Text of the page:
An associate professor of international and public affairs at Columbia University had to undergo surgery on his jaw Saturday night after allegedly being attacked by 25-30 teenage boys while he was walking near the school’s campus in upper Manhattan. Prabhjot Singh told the New York Daily News that the attackers called him “Osama” and “terrorist” as they chased him down and beat him.
“There was a group of 25 to 30 young men,” Singh, who suffered a fractured jaw said. “One of them said, ‘Get him, Osama.’ I got punched directly in the face about three times.” He said he was only saved when a good Samaritan walked by and helped break up the attackers.
“It’s incredibly sad,” Singh said. “It’s not the neighborhood I know. I work in this community. It’s just not American.” He added, “It’s important that they are caught and be held responsible for what they did.”
Singh previously co-authored an op-ed for The New York Times titled “How Hate Gets Counted” following the August 2012 mass shooting at a Sikh temple in Milwaukee, Wisconsin by white supremacist Wade M. Page. In the piece, he wrote about the issue of “mistaken identity” in attacks on Sikhs:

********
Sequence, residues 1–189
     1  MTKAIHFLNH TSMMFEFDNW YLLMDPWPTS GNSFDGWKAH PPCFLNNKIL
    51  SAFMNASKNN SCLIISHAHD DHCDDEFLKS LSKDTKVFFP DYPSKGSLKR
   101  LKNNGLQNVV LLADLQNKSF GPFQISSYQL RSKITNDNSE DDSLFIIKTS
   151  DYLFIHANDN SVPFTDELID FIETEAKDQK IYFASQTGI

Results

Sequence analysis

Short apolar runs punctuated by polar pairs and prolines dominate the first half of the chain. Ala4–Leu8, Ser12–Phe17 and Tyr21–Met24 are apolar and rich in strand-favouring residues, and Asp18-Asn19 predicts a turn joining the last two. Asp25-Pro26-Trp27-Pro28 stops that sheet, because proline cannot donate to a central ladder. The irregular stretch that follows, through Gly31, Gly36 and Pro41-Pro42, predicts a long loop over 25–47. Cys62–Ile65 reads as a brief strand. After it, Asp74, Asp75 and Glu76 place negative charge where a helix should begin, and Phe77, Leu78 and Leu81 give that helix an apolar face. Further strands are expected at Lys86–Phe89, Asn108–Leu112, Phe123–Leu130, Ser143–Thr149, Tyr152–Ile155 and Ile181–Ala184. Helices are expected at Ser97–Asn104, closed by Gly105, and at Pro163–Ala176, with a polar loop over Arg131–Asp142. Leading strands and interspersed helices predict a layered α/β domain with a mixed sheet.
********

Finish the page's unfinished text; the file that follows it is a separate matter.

There are two disturbing aspects of the response to the shooting that deserve wider public attention.
First is the notion of “mistaken identity” — the assumption that Mr. Page, who had long-established ties to radical right-wing groups, mistook Sikhs for Muslims, his presumed target. The second is the government’s failure to accurately measure the extent of anti-Sikh violence in America — a gap that must be remedied.
Whatever the roots of Mr. Page’s hatred, it is wrong to assume that every attack against a Sikh is really meant for a Muslim. That assumption overlooks the long history of discrimination and hatred directed at Sikhs in America.
Given the language allegedly used by Singh’s attackers Saturday night, there seems to be little doubt that they mistook the Sikh for Muslim.
Watch video below, via NY1:
[photo via screengrab]
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